There he sits, beside the fresh corpse of his surrogate father and nemesis, unable and even possibly incapable of even considering how he’ll live the next five minutes, let alone the remaining years of his life. Before he dies, Askeladd begged Thorfinn not to let himself get stuck in “such a boring place” as he currently inhabits.

As he’s carried away, Thors’ dagger falls out of his son’s hand, the past twenty-four episodes of Vinland Saga thus far rapidly unfold, reflected in the blade. Then we’re teased with new locations and new characters, but no explicit announcement of a second season. While it seems highly likely one is coming, questions abound: Will Thorfinn be a part of it, or will his story conclude in an upcoming film?

Whatever the case, this finale was a brilliant culmination of the events that have unfolded thus far, with the stories of old players like Sweyn and Askeladd coming to a close and the stories of young players like Thorfinn and Canute still up in the air. More than anything, it left me wanting more, and hoping to get it as soon as possible. After all, if such a tremendous work was merely the prologue, how does that bode for the story proper?

O Maidens in Your Savage Season – 10 – Maiden Abyss

God, where do I even start? I knew I’d be navigating an emotional minefield with a show like this, but in the spirit of one of this episode’s themes, the difference between thinking you know something and actually experiencing it in the moment is as vast as, well, the holes that threaten to swallow up every single character. Certainly far larger than the holes in the sexy underwear Kazusa is investigating on her phone.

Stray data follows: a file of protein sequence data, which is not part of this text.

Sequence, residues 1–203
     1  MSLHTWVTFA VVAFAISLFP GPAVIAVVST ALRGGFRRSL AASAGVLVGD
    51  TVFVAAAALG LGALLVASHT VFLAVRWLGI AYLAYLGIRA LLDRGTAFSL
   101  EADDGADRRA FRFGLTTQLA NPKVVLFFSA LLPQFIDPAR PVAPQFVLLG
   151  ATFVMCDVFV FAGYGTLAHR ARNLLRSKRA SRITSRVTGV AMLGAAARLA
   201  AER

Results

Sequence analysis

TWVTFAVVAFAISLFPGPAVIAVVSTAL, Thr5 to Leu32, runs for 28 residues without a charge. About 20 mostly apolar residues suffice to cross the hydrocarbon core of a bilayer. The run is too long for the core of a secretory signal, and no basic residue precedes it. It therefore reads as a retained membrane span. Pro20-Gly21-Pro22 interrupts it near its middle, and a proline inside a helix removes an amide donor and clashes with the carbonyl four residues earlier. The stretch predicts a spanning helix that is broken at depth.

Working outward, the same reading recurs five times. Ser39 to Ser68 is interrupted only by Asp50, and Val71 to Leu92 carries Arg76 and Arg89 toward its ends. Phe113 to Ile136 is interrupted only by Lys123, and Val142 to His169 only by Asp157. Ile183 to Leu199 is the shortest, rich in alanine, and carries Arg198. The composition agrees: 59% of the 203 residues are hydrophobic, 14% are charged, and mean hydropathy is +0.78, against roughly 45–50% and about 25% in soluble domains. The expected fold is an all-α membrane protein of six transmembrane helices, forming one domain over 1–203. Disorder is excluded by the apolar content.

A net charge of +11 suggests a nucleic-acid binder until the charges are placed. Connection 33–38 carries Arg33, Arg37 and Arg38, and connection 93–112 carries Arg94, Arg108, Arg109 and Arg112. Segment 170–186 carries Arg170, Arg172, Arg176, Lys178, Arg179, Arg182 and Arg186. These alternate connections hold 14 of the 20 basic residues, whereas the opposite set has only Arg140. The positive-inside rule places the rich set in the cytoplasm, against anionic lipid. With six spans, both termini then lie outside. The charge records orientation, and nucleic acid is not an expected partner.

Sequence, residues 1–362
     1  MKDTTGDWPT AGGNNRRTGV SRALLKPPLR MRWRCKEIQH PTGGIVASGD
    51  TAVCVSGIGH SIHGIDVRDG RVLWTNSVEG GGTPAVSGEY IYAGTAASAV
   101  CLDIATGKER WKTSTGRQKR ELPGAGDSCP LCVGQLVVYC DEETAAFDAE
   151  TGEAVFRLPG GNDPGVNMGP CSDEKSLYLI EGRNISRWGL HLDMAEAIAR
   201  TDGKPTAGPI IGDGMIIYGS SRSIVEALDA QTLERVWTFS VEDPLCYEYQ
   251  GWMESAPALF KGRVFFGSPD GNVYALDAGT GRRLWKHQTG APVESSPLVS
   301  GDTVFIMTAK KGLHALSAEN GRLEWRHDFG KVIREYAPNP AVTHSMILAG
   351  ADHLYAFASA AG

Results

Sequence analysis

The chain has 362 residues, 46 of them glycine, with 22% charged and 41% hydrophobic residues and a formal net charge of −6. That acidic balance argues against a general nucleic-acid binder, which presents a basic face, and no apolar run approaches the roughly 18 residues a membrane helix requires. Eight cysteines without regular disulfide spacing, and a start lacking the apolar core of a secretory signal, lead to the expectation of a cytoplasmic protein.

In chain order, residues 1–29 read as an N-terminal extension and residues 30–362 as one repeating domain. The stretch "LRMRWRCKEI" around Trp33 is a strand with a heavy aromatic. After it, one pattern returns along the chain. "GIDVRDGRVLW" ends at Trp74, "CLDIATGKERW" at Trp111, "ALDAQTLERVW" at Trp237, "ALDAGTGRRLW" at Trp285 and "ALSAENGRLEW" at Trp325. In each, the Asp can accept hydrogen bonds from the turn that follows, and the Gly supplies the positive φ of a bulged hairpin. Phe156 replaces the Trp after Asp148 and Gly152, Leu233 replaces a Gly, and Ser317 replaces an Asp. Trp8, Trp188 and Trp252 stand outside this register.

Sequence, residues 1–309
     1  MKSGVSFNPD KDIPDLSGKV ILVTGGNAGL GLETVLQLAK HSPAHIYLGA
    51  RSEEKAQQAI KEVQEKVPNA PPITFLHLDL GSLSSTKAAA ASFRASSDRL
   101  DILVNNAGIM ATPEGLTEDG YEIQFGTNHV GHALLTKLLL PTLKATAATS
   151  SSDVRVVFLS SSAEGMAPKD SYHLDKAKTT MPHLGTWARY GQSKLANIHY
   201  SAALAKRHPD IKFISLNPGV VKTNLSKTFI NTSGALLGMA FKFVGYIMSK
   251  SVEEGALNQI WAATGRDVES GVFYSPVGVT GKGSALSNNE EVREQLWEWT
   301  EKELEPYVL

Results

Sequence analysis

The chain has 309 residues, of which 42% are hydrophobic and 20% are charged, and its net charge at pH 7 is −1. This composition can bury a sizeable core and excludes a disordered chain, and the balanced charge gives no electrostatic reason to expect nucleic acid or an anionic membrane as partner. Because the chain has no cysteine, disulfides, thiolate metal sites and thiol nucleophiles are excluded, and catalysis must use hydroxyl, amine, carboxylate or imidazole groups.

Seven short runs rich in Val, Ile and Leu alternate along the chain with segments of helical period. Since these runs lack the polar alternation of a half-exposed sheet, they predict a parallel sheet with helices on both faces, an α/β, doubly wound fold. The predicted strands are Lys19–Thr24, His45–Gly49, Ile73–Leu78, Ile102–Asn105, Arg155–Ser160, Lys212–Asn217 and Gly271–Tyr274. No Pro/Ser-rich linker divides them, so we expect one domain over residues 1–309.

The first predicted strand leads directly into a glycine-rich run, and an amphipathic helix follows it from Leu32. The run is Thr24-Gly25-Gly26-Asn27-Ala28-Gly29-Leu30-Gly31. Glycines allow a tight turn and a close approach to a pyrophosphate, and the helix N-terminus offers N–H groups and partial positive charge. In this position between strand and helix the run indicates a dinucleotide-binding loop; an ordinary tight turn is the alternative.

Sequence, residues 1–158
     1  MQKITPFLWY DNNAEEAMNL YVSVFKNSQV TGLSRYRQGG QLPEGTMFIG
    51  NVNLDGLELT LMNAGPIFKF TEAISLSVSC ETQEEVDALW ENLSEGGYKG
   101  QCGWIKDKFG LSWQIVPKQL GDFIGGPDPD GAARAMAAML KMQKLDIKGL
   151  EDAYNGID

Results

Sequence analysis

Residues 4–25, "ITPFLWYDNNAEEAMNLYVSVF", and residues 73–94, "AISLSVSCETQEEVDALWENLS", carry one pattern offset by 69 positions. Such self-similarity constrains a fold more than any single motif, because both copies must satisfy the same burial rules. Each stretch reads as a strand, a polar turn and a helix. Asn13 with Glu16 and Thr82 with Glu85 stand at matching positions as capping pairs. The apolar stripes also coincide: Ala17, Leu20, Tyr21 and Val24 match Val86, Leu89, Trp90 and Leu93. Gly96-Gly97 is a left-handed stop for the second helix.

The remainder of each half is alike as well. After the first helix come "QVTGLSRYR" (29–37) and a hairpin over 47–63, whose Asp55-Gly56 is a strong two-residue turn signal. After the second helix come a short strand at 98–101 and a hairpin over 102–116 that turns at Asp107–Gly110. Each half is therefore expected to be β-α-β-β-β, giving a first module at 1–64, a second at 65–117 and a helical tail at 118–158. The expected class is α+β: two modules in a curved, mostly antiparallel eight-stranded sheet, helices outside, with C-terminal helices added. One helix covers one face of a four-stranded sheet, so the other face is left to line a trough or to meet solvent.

Rika just happens to be hanging out with Amagi across the park where Hitoha gets picked up by Milo-sensei. Rika finds Hitoha’s underwear in the trash, freaks out for a minute, then calls a cab to follow them and hopefully save Hitoha and/or Milo from themselves/each other. She’s acting as a good friend would: as best she can with what little, highly concerning information she has.

Meanwhile, after all the hard work he did finding porn not set aboard trains, Niina has likely well and truly ruined them for him as anything pure and innocent, what with her placing his hand on her bum and keeping it there. Izumi pulls away and exits the train, but Niina follows him and demands to know why he’s going so far to refuse her.